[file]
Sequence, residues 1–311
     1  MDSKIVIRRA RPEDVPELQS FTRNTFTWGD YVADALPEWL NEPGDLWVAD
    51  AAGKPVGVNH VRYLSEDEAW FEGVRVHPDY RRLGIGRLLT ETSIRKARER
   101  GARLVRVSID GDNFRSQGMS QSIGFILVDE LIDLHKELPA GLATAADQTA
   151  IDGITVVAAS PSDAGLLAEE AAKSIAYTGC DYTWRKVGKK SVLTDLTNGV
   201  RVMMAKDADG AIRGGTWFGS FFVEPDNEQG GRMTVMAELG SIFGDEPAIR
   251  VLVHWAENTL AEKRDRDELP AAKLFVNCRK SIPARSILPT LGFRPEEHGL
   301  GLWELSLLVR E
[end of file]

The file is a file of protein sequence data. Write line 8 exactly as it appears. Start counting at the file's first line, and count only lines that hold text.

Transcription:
   301  GLWELSLLVR E